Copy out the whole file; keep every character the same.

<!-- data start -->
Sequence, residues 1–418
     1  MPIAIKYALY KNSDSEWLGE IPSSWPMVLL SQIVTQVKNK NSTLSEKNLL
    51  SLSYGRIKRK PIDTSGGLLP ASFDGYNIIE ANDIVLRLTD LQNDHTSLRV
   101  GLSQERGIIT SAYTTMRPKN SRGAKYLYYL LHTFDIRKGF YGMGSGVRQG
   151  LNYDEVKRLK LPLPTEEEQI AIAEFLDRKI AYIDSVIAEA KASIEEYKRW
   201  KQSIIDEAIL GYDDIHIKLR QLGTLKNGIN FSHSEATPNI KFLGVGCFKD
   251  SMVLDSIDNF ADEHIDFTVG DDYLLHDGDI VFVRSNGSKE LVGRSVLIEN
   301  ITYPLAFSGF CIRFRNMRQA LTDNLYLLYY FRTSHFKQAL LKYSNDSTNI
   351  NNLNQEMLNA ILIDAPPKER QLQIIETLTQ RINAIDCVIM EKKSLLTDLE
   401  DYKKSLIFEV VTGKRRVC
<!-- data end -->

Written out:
Sequence, residues 1–418
     1  MPIAIKYALY KNSDSEWLGE IPSSWPMVLL SQIVTQVKNK NSTLSEKNLL
    51  SLSYGRIKRK PIDTSGGLLP ASFDGYNIIE ANDIVLRLTD LQNDHTSLRV
   101  GLSQERGIIT SAYTTMRPKN SRGAKYLYYL LHTFDIRKGF YGMGSGVRQG
   151  LNYDEVKRLK LPLPTEEEQI AIAEFLDRKI AYIDSVIAEA KASIEEYKRW
   201  KQSIIDEAIL GYDDIHIKLR QLGTLKNGIN FSHSEATPNI KFLGVGCFKD
   251  SMVLDSIDNF ADEHIDFTVG DDYLLHDGDI VFVRSNGSKE LVGRSVLIEN
   301  ITYPLAFSGF CIRFRNMRQA LTDNLYLLYY FRTSHFKQAL LKYSNDSTNI
   351  NNLNQEMLNA ILIDAPPKER QLQIIETLTQ RINAIDCVIM EKKSLLTDLE
   401  DYKKSLIFEV VTGKRRVC